The Events Supplier and Services Association (ESSA) has recently created a free Student Membership tier of their ESSA Membership, giving those studying at universities, colleges, apprenticeships and schools opportunities to gain support, greater understanding and experience of the Event and Exhibition Industry. The student members will gain access to ESSA Events, online training and webinars, opportunities to go on build-up & breakdowns and a hub of case studies from members showing the best parts of working in the industry and why it’s a great sector to work in.
Nicola Crawford, Project Manager at ESSA, says: “We know that this scheme won’t change the industry overnight but we see this as one step of many in building greater awareness for our sector from students and educational institutes.”
The events industry is an exciting, inspiring, and forward-thinking place to work, but we need to make sure that we’re sharing this side of it with new starters. From offering placements and broadening your recruitment nets, to devoting a small amount of time to mentoring those taking their first steps in the industry or allowing students to get involved with your events, there’s a huge amount of opportunity out there to make our industry a more welcoming, supportive, and inclusive environment.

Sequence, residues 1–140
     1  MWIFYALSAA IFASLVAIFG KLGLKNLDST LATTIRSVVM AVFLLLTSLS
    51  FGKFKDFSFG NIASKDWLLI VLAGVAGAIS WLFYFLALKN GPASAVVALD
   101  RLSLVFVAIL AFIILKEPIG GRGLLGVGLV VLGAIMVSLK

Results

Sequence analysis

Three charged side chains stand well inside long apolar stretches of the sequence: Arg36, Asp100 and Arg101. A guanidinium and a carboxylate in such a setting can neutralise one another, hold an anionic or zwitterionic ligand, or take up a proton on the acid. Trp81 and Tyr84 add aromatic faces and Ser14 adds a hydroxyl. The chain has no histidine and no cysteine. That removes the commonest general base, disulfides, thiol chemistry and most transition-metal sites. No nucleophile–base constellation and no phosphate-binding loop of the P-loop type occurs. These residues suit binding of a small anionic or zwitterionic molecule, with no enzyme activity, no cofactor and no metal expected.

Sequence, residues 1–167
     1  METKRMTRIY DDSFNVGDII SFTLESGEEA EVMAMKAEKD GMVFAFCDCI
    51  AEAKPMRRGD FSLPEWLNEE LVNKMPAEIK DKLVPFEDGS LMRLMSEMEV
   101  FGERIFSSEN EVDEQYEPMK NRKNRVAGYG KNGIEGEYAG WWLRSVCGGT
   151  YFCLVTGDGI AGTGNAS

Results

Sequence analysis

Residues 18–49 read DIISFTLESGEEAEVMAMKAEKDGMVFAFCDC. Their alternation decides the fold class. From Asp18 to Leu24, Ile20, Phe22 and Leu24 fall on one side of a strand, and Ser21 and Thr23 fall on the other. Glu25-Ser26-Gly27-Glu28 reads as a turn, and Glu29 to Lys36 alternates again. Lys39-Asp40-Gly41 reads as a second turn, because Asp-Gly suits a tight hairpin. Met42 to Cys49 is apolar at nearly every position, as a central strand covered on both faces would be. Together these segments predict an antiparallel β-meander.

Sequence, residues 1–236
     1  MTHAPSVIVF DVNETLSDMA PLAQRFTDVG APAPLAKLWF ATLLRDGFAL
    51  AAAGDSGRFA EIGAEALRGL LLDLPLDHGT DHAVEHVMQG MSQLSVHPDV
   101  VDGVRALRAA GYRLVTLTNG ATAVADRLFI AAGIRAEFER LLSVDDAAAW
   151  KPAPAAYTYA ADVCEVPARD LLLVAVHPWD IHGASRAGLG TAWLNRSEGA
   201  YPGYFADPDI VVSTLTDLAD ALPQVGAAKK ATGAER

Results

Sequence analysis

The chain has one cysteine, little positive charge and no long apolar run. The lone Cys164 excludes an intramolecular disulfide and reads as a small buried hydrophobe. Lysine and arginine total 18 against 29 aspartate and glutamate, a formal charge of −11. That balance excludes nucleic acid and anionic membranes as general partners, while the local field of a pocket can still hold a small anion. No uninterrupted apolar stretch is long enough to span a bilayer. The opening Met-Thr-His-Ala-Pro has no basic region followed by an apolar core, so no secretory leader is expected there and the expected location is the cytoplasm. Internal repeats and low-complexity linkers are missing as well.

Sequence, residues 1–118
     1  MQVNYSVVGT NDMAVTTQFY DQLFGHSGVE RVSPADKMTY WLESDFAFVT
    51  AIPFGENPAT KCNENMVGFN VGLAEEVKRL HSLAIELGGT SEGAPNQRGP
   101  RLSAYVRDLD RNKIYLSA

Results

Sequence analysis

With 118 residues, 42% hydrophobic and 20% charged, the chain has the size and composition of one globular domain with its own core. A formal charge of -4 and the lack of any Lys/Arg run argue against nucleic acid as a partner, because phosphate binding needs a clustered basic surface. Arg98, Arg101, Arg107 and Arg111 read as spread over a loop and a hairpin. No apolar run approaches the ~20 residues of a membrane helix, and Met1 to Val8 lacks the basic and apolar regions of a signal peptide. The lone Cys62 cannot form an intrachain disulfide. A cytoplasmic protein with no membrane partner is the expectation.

To read more about inclusivity in the events industry, check out our content on accessibility, inclusivity, and diversity in events below. And if you’d like to share your own perspective, or opportunities to support inclusion in the industry, don’t hesitate to contact us – we’d love to hear from you!
About Caitlin and Event First Steps
Caitlin is a Digital Producer at DRPG. She is passionate about promoting opportunities and sharing guidance for those starting out in the industry, and was the author of an award-winning Events Blog from 2011 – 2018 that provided unbiased information and advice for those hoping to enter the events industry.
After finding that the gap between university courses and actually working in the events industry was huge, Caitlin set up Event First Steps with co-founders Elena Clowes and Priya Narain, officially establishing it as a not-for-profit initiative in 2016. Since then, Event First Steps has hosted countless events and worked with universities across the UK to help industry newcomers learn and develop skills and networks in the sector.